Jul 072021

Today is the birthday (1752) of Joseph Marie Jacquard, a French weaver and merchant responsible for the refinement of the programmable loom, using punched cards, that was the predecessor to using punched cards for other programmable machines, including the earliest IBM digital computers.  His invention is usually called the Jacquard loom, but it is more accurate to say that he invented the Jacquard machine which drove a kind of loom that was already in use. Also, his birth name was actually Joseph Marie Charles. In his grandfather’s generation, several branches of the Charles family lived in Lyon’s Couzon-Au-Mont d’Or suburb (on Lyon’s north side, along the Saône River). To distinguish the various branches, the community gave them nicknames; Joseph’s branch was called “Jacquard” Charles. Thus, Joseph’s grandfather was Bartholomew Charles dit [called] Jacquard, and he was J.M. Charles dit Jacquard.

Joseph Marie Charles dit Jacquard was born into a conservative Catholic family in Lyon. He was one of nine children of Jean Charles dit Jacquard, a master weaver of Lyon, and his wife, Antoinette Rive. However, only Joseph and his sister Clémence (born 7th November 1747) survived to adulthood. Although his father was a man of property, Joseph received no formal schooling and remained illiterate until he was 13. He was finally taught to read by his brother-in-law, Jean-Marie Barret, who ran a printing and book selling business. Barret also introduced Joseph to learned societies and scholars. Joseph initially helped his father operate his loom, but the work proved too arduous, so Jacquard was placed first with a bookbinder and then with a maker of printers’ type.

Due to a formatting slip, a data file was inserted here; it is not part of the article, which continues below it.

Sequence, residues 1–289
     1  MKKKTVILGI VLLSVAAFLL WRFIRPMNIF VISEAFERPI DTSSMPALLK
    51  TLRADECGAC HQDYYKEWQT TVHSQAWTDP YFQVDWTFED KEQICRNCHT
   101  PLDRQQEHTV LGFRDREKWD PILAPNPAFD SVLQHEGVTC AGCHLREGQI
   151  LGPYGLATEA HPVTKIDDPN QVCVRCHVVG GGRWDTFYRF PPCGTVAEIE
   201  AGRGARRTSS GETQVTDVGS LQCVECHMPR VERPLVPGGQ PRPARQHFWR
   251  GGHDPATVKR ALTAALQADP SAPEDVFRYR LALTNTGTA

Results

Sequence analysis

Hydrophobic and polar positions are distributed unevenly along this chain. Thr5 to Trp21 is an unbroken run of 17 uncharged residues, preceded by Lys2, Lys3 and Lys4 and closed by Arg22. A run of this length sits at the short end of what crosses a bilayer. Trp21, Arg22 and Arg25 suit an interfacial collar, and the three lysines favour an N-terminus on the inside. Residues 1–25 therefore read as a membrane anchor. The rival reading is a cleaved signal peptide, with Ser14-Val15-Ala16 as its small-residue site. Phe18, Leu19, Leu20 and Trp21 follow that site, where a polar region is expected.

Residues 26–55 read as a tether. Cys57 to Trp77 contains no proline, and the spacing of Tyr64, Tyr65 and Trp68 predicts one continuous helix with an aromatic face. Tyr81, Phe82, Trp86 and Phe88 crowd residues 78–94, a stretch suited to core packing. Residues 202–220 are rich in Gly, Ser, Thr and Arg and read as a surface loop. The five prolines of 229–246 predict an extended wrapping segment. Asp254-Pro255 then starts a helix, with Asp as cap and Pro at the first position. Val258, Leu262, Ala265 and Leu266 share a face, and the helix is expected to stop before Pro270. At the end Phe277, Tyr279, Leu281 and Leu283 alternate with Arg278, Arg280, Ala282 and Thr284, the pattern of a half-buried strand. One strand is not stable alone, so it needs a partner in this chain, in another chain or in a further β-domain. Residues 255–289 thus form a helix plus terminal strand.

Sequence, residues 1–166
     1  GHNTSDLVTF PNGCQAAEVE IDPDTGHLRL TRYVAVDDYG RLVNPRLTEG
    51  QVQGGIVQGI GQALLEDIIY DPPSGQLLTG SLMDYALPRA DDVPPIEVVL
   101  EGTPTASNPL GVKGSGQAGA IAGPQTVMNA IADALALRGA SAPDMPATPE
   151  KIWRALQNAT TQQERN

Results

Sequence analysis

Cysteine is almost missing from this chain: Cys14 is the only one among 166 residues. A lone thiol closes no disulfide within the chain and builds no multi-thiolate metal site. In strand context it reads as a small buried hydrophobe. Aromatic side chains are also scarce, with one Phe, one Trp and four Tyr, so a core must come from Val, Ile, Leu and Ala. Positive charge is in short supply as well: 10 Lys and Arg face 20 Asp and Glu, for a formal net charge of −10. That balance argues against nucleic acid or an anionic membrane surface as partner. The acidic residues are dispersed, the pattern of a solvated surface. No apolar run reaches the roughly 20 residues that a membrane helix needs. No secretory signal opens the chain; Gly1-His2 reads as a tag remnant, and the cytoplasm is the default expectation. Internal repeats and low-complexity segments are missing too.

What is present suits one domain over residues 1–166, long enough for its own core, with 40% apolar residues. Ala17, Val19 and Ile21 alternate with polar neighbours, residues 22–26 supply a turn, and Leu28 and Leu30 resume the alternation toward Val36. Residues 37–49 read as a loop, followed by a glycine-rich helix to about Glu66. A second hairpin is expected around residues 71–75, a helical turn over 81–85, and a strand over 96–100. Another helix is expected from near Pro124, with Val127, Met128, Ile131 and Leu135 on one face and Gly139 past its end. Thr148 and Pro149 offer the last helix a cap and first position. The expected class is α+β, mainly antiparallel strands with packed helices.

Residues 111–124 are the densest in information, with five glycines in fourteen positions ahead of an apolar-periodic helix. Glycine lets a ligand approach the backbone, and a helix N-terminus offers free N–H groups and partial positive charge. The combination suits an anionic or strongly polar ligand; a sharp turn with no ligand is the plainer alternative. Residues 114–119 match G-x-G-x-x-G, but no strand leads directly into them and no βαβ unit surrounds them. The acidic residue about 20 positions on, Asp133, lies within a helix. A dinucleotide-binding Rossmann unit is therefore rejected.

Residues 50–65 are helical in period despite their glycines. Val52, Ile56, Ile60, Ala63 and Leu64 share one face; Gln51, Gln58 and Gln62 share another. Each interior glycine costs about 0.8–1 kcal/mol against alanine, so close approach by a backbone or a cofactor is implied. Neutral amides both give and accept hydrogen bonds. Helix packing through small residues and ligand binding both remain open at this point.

His mother died in 1762, and when his father died in 1772, Joseph inherited his father’s house, looms and workshop as well as a vineyard and quarry in Couzon-au-Mont d’Or. Joseph then dabbled in real estate. In 1778, he listed his occupations as master weaver and silk merchant. Jacquard’s occupation at this time is problematic because by 1780 most silk weavers did not work independently; instead, they worked for wages from silk merchants, and Jacquard was not registered as a silk merchant in Lyon.